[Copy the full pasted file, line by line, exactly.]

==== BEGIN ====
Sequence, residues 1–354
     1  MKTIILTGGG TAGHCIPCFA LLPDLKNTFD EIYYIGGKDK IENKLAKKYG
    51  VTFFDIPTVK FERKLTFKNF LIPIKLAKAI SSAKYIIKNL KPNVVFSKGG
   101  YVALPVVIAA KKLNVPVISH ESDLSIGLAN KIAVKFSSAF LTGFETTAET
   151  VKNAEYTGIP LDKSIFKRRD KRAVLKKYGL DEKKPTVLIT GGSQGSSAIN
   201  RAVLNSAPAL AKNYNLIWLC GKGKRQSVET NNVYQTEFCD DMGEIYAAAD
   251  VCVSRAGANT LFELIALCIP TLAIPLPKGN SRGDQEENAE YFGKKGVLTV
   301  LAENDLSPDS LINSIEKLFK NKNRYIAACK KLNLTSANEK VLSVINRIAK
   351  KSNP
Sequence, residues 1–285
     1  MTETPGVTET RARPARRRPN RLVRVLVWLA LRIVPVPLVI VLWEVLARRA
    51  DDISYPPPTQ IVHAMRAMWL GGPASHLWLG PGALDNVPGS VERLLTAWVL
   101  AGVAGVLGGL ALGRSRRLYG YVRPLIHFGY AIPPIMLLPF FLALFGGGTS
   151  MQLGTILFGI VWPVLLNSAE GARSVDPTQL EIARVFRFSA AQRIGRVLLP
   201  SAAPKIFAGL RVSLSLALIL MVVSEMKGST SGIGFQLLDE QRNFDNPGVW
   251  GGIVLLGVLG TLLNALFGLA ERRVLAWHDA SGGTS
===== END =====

Sequence, residues 1–354
     1  MKTIILTGGG TAGHCIPCFA LLPDLKNTFD EIYYIGGKDK IENKLAKKYG
    51  VTFFDIPTVK FERKLTFKNF LIPIKLAKAI SSAKYIIKNL KPNVVFSKGG
   101  YVALPVVIAA KKLNVPVISH ESDLSIGLAN KIAVKFSSAF LTGFETTAET
   151  VKNAEYTGIP LDKSIFKRRD KRAVLKKYGL DEKKPTVLIT GGSQGSSAIN
   201  RAVLNSAPAL AKNYNLIWLC GKGKRQSVET NNVYQTEFCD DMGEIYAAAD
   251  VCVSRAGANT LFELIALCIP TLAIPLPKGN SRGDQEENAE YFGKKGVLTV
   301  LAENDLSPDS LINSIEKLFK NKNRYIAACK KLNLTSANEK VLSVINRIAK
   351  KSNP
Sequence, residues 1–285
     1  MTETPGVTET RARPARRRPN RLVRVLVWLA LRIVPVPLVI VLWEVLARRA
    51  DDISYPPPTQ IVHAMRAMWL GGPASHLWLG PGALDNVPGS VERLLTAWVL
   101  AGVAGVLGGL ALGRSRRLYG YVRPLIHFGY AIPPIMLLPF FLALFGGGTS
   151  MQLGTILFGI VWPVLLNSAE GARSVDPTQL EIARVFRFSA AQRIGRVLLP
   201  SAAPKIFAGL RVSLSLALIL MVVSEMKGST SGIGFQLLDE QRNFDNPGVW
   251  GGIVLLGVLG TLLNALFGLA ERRVLAWHDA SGGTS